The winner of one of the most important awards for craft was announced in New York on Tuesday evening (16 May). The Japanese ceramicist Eriko Inazaki was declared the winner of the sixth edition of the Loewe Foundation Craft Prize at a ceremony in the garden of the Noguchi Museum in Queens, walking away with €50,000 for her work, Metanoia (2019). Special mentions were given to Dominique Zinkpè from Benin for his wall sculpture, The Watchers (2022), and the Japanese artist Moe Watanabe for Transfer Surface (2022), a sculptural vase made from walnut bark – both were awarded €5,000.
To use a vulgar method of comparison, the total prize money awarded puts the value of the Loewe Foundation Craft Prize ahead of the Turner prize. In many ways this is a statement of intent from the Loewe Foundation. How else do you signify value – and so shift perceptions – if not by attaching money to something? For Loewe creative director Jonathan Anderson, ‘it was a marketing thing that was wrong with craft, it wasn’t marketed in the right way. The work was there but the platform was not.’ Now he sees a change: ‘I think younger people are starting to realise as much as it can be interesting to be a contemporary artist, it can also be interesting to be a rug maker or to make ceramics.’
Metanoia took more than a year to produce. Made up of minuscule components layered up and joined together to create a form that appears as though it might be made from the fibres of a living organism, it is a work of painstaking delicacy and technique that seems to defy possibility. Anderson is open about his bias towards ceramics – ‘I have a natural thing to go towards ceramics, which I have to pull myself back from’ – and says of Metanoia: ‘I think it’s a magical piece. You don’t really know what it’s made from until you inspect it. It has an incredible depth of field which I think is unusual, there’s this idea of perspective.’ But beyond the form and technique, ‘It has this incredible sense of anxiety about it, which I think makes it quite human, somehow.’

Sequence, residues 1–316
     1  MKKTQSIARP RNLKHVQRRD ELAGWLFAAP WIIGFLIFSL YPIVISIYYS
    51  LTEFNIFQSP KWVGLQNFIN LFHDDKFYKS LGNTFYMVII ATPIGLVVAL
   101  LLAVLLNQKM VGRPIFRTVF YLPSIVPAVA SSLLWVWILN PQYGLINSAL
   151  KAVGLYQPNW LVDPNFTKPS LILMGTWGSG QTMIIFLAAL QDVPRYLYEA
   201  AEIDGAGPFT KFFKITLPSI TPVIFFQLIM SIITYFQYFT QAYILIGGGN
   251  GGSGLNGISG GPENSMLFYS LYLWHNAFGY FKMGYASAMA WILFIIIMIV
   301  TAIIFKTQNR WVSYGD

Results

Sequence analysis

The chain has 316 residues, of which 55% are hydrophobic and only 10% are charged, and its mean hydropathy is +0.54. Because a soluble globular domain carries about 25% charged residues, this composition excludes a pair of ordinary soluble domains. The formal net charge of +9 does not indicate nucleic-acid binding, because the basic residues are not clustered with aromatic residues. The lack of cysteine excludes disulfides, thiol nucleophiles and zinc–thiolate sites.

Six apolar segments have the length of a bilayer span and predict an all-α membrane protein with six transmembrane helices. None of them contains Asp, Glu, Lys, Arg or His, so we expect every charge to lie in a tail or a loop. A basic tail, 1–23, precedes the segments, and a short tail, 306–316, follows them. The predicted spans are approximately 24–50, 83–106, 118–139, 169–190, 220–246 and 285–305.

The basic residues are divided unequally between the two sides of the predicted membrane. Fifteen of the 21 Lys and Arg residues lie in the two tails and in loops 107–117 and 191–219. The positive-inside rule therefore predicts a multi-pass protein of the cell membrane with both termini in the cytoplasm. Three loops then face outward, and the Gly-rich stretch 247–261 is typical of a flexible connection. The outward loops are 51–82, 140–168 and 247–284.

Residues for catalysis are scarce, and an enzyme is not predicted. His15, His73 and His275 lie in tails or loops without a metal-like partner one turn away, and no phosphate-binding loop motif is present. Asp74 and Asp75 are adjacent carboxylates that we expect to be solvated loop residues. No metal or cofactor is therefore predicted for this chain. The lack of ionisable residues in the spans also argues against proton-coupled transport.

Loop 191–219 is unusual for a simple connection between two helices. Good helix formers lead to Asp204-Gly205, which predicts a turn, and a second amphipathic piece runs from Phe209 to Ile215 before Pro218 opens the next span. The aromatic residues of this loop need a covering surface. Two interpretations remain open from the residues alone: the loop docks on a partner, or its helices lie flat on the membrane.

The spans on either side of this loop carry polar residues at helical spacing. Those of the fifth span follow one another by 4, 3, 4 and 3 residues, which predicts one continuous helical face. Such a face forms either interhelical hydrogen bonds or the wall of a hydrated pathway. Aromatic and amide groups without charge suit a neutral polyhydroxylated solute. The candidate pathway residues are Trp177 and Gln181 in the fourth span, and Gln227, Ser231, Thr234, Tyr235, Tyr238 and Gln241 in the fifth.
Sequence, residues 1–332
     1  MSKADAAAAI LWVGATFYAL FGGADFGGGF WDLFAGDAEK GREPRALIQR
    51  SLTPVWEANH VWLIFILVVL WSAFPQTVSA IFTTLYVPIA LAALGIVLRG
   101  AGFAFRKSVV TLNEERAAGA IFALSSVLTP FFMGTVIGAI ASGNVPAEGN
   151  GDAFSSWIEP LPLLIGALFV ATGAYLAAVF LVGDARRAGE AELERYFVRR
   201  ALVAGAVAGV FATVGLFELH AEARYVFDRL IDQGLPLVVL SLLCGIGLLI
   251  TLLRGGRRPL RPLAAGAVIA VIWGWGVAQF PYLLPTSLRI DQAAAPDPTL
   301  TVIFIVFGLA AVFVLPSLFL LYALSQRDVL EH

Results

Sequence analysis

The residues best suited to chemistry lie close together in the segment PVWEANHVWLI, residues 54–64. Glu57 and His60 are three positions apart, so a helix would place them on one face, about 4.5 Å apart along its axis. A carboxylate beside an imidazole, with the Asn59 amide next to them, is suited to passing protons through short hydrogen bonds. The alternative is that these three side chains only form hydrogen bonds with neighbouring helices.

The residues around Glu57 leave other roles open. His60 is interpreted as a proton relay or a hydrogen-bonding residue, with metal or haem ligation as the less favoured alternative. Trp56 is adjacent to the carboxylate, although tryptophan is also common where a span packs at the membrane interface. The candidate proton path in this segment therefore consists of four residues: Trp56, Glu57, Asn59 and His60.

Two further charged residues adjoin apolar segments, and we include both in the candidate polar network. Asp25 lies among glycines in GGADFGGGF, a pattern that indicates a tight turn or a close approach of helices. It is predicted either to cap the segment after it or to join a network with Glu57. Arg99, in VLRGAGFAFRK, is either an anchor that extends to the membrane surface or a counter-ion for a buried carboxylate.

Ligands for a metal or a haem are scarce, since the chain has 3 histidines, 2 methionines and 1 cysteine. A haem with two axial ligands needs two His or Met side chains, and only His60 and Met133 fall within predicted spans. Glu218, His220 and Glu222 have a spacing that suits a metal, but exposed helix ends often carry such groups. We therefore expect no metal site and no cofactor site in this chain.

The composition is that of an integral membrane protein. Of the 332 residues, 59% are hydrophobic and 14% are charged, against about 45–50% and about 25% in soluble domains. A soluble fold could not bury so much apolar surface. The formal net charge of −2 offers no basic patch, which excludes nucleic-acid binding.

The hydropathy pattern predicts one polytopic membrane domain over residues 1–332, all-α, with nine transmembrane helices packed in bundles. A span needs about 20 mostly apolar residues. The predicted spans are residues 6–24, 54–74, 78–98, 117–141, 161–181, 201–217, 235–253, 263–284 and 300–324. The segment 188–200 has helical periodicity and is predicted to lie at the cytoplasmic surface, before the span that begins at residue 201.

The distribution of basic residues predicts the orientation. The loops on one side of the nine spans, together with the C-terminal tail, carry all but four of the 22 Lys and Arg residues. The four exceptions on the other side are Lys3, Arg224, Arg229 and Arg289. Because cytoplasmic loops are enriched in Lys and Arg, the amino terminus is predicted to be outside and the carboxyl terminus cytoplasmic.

The Loewe Foundation Craft Prize was set up, in the words of Anderson, ‘to build a platform in order to promote craft on a global stage that would help bring a bit more of an eye to something that is maybe less supported than, say, contemporary art.’
The platform has clearly caught the attention of the craft world. Each year the increased volume of applications means that ‘[the list] is getting harder for us to edit,’ Anderson says. But the prize does not work in isolation. The Loewe Foundation has also worked with crafts councils, invested in education and craft fairs and supported the acquisition of works for institutions.
All this attention on craft has thrown up one surprising change in the applicants: they are getting younger. According to Anderson, ‘This is the big one.’ He goes on to say, ‘Weirdly, it’s happened since the pandemic.’ This is, of course, not a problem for the prize as it promises a bright future. But Anderson sees a more serious side to craft practices. ‘They tell you what is happening in the world today,’ he says. ‘Craft has been there for centuries and it is a form of visual language. If we cannot communicate through making it is a very difficult place to be in.’ No wonder it was the human aspect of Inazaki’s work that caught his imagination.
Works by all 30 finalists are on show at Isamu Noguchi’s Studio at the Noguchi Museum in New York until 18 June.